Thursday, January 26, 2017

Back to the Bench

After Christmas I decided to turn my attention to the workbench project. The legs and the 8/4 soft maple lumber I had acquired for this project have been in the way and taking up a lot of space in the shop. Best possible solution was to go ahead and turn them into a bench that would be a usable tool in lieu of dealing with the clutter on a daily basis.

If you would like to refer to the first blog post on this bench build here is a link.

It explains the scope of the project and the reason I chose the Nicholson design. But now back to the build.

First off I needed to shorten the legs. Legs that are 5" square present a problem. I guess if you had a 12" mitre/chop saw you could use that to cut them to length. I even considered loading them up and taking a trip to Wyatt Childs Inc. (site of the FORP events) and cutting them to length on Bo's large sliding saw. After closer inspection and giving some thought to the problem, I decided that the legs were all quite accurate in length the way I received them from Osborne wood products, so all I really needed to do was accurately remove the part I didn't need in order to make them 32" long. I set a fence on my bandsaw, installed a new blade and an operation I thought would be a challenge turned out to be quite simple and easy.

The next order of operations was to cut the mortises for the stretchers. There are a myriad of ways to do this but frankly this bench project was between me and some other projects I have in the cue so I needed to do this quick and accurately. Besides when you're 63 years old you don't have as large an energy reserve as you did when you were 40, so my milling machine was a quick and easy to way quickly setup and cut these mortises.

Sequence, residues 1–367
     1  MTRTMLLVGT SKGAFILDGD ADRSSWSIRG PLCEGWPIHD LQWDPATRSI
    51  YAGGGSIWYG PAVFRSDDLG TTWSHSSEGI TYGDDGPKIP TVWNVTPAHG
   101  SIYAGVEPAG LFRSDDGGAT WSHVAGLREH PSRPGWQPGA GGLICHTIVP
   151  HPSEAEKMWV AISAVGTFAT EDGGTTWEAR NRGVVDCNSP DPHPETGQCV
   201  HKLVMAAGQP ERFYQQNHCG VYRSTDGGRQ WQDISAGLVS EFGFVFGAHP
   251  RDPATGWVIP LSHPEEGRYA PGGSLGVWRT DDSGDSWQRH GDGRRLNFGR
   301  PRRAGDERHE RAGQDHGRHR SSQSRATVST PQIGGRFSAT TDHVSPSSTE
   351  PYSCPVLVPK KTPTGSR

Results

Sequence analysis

I won't bore you with pictures or video of cutting tenons. If you're reading this you've probably cut a few and in many different ways. I made the shoulder cuts on the table saw and cut the cheeks on the bandsaw. Once again, "easy peasy!" The fit was exception and this allowed me to move the project forward at a quick pace.

The next order of operations was to process the 8/4 boards for the apron boards. I needed to notch the legs to accept these boards and I needed to know the final thickness of these components before notching the legs to accept the apron boards.

7 foot long 8/4 maple boards are not easy to handle and present a challenge just hefting them thru jointer operations and the like. I found it much easier to take the tool to the board in lieu of the board to the tool. I did work one surface of these boards thru my 12" jointer after knocking the high spots down with a hand plane. Thick timbers always seem to have a certain amount of twist and if it's not removed in the early stages of process it will remain a problem thru out the build.

The video below is an overview of several of the operations needed to prepare the apron boards.

After the legs were cut to length and the apron boards were processed I could proceed with the work on the legs.

You can see in the picture above, the legs are mortised, the thru hole for the BenchCrafted Classic leg vise is drilled and the mortise for the BenchCrafted CrissCross is milled. I made both cuts for the notch to received the apron boards on the bandsaw.

Many will wonder why I purchased the legs already turned from Osborne Wood Products. Frankly the blanks to turn the legs would have cost as much as the already turned pieces. Like I said I have other projects in the cue and a bench project is already a large task. Ready turned legs sent the project forward at a much faster pace.


"When you're dead you won't even know you're dead. It's a pain only felt by others.

Same thing when you're stupid."      (unknown)


  1. Interesting design - still trying to wrap my brain around a leg vise in a turned leg - I cannot come up with any issues. I can't wait to go see it finished

  2. Clyde in the initial design phase the leg vise in the turned leg was the first thing that had to be worked out. Actually using the BenchCrafted Crisscross helped this work as compared to a leg vise with parallel guide. Otherwise the leg at the vise would need to be cut in half down it's length and a flat section added.

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